37% of those relocated from Fukushima, Japan, may have PTSD: Study

Japan Fukushima Nuclear PTSD
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According to local media, approximately 40% of Fukushima residents who fled to locations outside the Japanese prefecture following the March 2011 nuclear accident may be suffering from post-traumatic stress disorder (PTSD).

Waseda University and a citizens organisation distributed questionnaires to 5,350 homes, primarily in the Kanto area near Tokyo, that had evacuated Fukushima following the nuclear accident, and received replies from 516, according to reports.

According to the findings, 37.0 percent of the refugees experienced PTSD.

Long-term stress causes, such as recollections of the 2011 Great East Japan Earthquake, tsunami, and nuclear accident, severe changes in living situations, and challenges emerging from the government’s post-disaster actions, are behind the high rate, according to Japan’s Asahi Shimbun.

Nevertheless, 34.5 percent reported that they “still have no job.”

In terms of explanations, 16.3% stated a “inability to resume my self-owned business yet,” while 14% said they “could not work due to illness.”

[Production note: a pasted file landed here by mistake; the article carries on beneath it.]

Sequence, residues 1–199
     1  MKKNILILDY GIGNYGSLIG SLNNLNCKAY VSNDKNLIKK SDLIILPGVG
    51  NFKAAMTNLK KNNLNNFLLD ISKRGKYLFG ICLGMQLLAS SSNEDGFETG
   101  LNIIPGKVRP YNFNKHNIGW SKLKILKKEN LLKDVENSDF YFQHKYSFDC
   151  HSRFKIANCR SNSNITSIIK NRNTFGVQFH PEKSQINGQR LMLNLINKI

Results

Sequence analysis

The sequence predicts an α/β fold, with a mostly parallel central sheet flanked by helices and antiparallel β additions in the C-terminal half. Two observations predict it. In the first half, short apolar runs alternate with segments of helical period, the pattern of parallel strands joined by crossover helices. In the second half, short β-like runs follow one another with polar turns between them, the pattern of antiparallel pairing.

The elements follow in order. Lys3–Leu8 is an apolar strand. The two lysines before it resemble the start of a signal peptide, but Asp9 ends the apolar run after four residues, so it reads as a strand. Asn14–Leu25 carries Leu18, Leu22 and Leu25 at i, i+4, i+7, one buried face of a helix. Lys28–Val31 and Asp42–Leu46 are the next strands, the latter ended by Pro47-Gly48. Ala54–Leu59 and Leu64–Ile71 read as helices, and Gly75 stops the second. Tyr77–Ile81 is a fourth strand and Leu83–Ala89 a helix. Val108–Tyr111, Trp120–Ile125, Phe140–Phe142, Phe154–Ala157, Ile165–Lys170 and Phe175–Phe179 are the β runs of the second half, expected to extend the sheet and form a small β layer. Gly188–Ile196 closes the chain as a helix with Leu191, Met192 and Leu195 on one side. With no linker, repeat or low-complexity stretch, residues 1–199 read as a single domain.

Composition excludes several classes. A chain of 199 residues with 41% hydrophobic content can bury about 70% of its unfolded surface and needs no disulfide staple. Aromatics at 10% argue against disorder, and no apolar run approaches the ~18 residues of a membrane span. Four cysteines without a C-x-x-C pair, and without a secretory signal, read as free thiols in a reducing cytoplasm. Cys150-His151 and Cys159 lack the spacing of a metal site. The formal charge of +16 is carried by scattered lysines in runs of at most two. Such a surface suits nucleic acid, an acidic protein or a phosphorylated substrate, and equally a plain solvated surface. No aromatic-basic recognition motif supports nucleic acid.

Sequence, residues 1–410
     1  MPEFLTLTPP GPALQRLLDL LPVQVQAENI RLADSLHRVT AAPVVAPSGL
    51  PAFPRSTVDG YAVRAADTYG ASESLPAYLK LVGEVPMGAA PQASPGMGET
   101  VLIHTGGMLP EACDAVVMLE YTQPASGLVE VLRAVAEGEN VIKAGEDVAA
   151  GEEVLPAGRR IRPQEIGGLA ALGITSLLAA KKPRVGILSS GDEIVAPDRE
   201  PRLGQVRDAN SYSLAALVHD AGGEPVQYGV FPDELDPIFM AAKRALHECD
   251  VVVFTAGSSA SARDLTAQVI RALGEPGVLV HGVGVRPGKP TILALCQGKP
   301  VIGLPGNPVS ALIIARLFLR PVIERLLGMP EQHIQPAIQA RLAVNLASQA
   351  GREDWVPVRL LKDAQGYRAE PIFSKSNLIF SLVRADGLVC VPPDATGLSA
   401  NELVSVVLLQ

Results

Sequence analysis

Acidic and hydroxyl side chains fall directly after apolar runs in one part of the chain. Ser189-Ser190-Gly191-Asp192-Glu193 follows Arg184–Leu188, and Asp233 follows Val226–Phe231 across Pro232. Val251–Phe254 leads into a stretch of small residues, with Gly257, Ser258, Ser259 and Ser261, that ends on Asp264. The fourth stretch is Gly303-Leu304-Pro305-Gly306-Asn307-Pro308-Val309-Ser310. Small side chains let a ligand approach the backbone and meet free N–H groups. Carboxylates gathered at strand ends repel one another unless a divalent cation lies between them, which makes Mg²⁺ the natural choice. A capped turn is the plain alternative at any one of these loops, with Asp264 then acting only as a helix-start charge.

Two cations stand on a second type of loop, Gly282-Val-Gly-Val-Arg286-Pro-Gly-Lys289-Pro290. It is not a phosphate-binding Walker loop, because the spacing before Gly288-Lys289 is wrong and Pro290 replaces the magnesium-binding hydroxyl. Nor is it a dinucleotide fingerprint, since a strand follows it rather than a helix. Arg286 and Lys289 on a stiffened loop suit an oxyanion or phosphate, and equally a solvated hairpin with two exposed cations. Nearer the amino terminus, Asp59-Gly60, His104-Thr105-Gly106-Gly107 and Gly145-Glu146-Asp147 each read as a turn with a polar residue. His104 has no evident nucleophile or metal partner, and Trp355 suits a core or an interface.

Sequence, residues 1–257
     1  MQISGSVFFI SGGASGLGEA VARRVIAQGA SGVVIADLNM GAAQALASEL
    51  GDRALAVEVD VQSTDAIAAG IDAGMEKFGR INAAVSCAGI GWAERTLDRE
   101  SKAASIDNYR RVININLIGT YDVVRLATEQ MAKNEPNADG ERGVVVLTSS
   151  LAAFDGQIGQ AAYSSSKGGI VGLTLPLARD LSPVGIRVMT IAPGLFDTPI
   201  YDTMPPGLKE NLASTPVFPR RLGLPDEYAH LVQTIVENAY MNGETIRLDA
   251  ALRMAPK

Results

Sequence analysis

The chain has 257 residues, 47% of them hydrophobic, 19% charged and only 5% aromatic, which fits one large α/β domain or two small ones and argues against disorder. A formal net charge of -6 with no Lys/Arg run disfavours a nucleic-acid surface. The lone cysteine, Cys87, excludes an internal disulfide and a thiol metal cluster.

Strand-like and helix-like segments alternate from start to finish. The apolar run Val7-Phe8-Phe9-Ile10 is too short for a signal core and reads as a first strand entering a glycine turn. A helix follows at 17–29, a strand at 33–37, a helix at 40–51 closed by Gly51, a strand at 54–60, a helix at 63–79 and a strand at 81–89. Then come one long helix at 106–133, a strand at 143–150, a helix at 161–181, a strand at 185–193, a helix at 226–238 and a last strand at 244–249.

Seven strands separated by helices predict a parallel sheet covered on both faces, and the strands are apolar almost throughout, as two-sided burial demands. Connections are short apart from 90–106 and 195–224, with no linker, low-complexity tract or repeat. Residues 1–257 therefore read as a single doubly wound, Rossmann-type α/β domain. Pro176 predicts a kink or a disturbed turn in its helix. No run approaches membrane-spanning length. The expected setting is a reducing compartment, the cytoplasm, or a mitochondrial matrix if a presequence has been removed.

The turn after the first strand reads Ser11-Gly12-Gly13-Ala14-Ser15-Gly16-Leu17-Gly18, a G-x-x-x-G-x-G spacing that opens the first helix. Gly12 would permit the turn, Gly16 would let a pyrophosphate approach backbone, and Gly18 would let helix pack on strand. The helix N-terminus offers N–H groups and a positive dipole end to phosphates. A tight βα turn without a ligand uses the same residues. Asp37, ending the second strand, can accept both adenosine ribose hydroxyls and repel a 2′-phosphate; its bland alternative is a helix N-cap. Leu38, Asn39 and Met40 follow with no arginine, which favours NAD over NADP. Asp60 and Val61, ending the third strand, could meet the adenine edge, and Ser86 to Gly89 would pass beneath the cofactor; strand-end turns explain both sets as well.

The study, which was conducted from January to April 2022, also indicated that evacuees’ financial condition was deteriorating, with 56.8 percent saying they were “worried about compensation and indemnification.”

Another issue is an increasing sense of isolation, with 38.9% of respondents indicating they “rarely have contact” or “have no contact” with friends or acquaintances in their present locations.

“Although victims remain in touch with one another, some of them cannot go out on their own,” said Takuya Tsujiuchi, a medical professor at Waseda university, who was involved in the research.

“Such shut-ins alongside depressed individuals and elderly people need personal visits by supporters.”